Complete your projects. Don’t start a manuscript, lay it aside then start another one. Get into the habit of completing whatever writing project you begin. It’s a good discipline to follow and sooner or later one of your completed projects will be good enough to publish. If no one else thinks so, just publish it yourself. Then you’re on your way!


Nemo James author of the autobiography, ‘Just a Few Seconds, A Story From the Hidden World of Music and Beyond Virtual Book Tour 2011’


Join Nemo James as he tours to blogsphere September 6 – October 28, 2011 with Pump Up Your Book to talk about his new autobiographical memoir, Just a Few Seconds, A Story From the Hidden World of Music and Beyond ( Derek Newark Publishing).

Nemo James will be on an online book tour with interviews, giving away copies of his book and meeting and greeting new and old fans! Nemo’s tour starts at Paperback Writer with a giveaway.  He will take part in the Literarily Speaking September Book Panel Forum discussing Agents: Do we need them to get published?” In October he will talking LIVE on Barry Eva’s Blog Talk Radio Show ‘A Book and a Chat.’ He will take part in the Pump Up Your Book party chat where he will be available for chat plus giving away copies of his book.

Nemo James’ background is the perfect backdrop for his novel, with his experience into the music business and knowledge from all angles of what goes on in front of, the audience, but also behind the stage. James states that the road to success can lead us down the strangest of paths. He dreamt of being a professional musician from the first time he picked up a guitar following a talent content disaster. His journey takes him all over the world from private gigs for the rich and famous to the roughest pubs starting in the late sixties through the nineties.

“We are thrilled to have Nemo on board,” says Rebecca Camarena, Tour Coordinator for Pump Up Your Book. “He is a talented author who was not afraid to reveal the secrets of the music industry behind the scenes and has embraced the opportunities for book promotion. Nemo has been a joy to work with.”

For more information on Nemo James, Just a Few Seconds Virtual Book Tour, you can visit his official tour page at

You can also visit Nemo James at his website

Interview with George Earl Parker, author of VAMPYRE BLOOD – EIGHT PINTS OF TROUBLE

George Earl Parker is an author, singer/songwriter, and an artist. As director of the short film The Yellow Submarine Sandwich, included in Eric Idle’s pseudo-documentary of a band called the Rutles, Parker received accolades, awards, and a showing at the Museum of Modern Art in New York City. His art has been exhibited in museums and galleries around the country, and three of his songs have climbed the European Country Music Association charts. Vampyre Blood-Eight Pints of Trouble is his first novel. He currently lives in California where he continues working on music, and his second book.

Q: Welcome to Beyond the Books, George Earl.  Can we start out by telling us whether you are published for the first time or are you multi-published?

I’ve got to say that this is the first time I’m being published because I’m currently re-editing my first book.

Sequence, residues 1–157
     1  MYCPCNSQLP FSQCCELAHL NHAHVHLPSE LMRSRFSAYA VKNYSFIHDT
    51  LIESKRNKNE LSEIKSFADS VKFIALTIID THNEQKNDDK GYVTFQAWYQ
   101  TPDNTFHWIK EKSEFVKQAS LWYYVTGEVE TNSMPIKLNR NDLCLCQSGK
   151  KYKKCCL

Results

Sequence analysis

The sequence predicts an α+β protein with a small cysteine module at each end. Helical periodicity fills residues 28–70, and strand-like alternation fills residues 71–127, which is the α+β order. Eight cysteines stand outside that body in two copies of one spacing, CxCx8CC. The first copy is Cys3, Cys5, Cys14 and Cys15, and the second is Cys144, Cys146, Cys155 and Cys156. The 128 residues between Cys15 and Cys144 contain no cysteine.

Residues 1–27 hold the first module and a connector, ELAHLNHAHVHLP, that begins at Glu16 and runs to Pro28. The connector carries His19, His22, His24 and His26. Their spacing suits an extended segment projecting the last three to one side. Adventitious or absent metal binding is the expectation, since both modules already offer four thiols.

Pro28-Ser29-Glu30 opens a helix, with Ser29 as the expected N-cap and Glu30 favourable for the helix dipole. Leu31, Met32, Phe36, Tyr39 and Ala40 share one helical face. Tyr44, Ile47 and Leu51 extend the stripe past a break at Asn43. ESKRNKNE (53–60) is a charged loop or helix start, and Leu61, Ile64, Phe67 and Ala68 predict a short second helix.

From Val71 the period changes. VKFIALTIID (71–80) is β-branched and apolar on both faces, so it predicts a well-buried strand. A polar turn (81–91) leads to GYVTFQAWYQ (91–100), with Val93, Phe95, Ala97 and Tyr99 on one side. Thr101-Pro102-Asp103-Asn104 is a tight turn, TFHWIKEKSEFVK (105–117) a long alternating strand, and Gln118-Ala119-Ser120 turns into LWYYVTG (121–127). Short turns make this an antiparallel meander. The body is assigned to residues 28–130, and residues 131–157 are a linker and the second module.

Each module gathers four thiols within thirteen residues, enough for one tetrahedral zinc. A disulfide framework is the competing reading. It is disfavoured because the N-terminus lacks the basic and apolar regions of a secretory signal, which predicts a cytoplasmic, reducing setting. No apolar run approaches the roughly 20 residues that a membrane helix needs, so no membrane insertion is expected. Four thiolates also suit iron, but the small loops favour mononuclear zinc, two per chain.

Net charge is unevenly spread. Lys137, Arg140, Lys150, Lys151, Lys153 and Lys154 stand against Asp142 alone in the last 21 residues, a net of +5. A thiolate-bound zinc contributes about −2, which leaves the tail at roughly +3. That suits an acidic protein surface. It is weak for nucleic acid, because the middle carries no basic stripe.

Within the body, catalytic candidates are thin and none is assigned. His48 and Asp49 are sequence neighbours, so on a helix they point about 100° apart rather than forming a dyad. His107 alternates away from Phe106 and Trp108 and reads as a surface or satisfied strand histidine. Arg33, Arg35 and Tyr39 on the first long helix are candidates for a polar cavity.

Q: What was the name of your very first book regardless of whether it was published or not and, if not published, why?

It was called The Atomic Kid and it was self published for about ten minutes before the company went belly-up.

Q: For your first published book, how many rejections did you go through before you either found a mainstream publisher, self-published it, or paid a vanity press to publish it?

I was rejected by a hundreds of literary agents until I found one who believed in the book, and he said it was going to be the next big thing. But when the 15 or 20 publishers he sent it to turned it down, he became despondent. So I published it myself.

Q: How did the rejections make you feel and what did you do to overcome the blows?

I ignored them while I tried to understand what on earth I’d done to tick so many people off?

Q: When your first book was published, who published it and why did you choose them?

I can’t remember the name of the company. I just know it should have been Incompetence Incorporated. The reason I chose them however was noble, it was because they actually printed books.

Q: How did it make you feel to become published for the first time and how did you celebrate?

I was going through a re-birth at that time, and I began writing songs in earnest.

Q: What was the first thing you did as for as promotion when you were published for the first time?

The book was reviewed very well by a couple of lovely people and I tried to get those reviews out. I wrote press releases, recorded  some music, tried to make it an event, but I think I was a little to early for myself.

Q: If you had to do it over again, would you have chosen another route to be published?

No, not at all. I learned everything I know now from what I didn’t know then.

Q: Have you been published since then and how have you grown as an author?

Yes, I am happy to say that my new book, Vampyre Blood-Eight Pints of Trouble, is being published by It’s the story of a lonely monster who just wants to be normal-and like all of us, the fact that we realize it means that we must have grown.

Q: Looking back since the early days when you were trying to get published, what do you think you could have done differently to speed things up?  What kind of mistakes could you have avoided?

When you follow a path you have to adapt to the terrain. There are no shortcuts until you have mapped the territory. You must keep moving forward at all costs, and never look back.

Q: What has been the biggest accomplishment you have achieved since becoming published?

I’ve just released a new song called, Out Of The Ice, in Europe.

Q: If you could have chosen another profession, what would that profession be?

A Taoist Priest.

Q: Would you give up being an author for that profession or have you combined the best of both worlds?

You don’t give anything up in Taoism, you just learn to take more on effortlessly.

Q: How do you see yourself in ten years?

Writing and singing.

Q: Any final words for writers who dream of being published one day?

Don’t give up.

You can visit George Earl Parker on the web at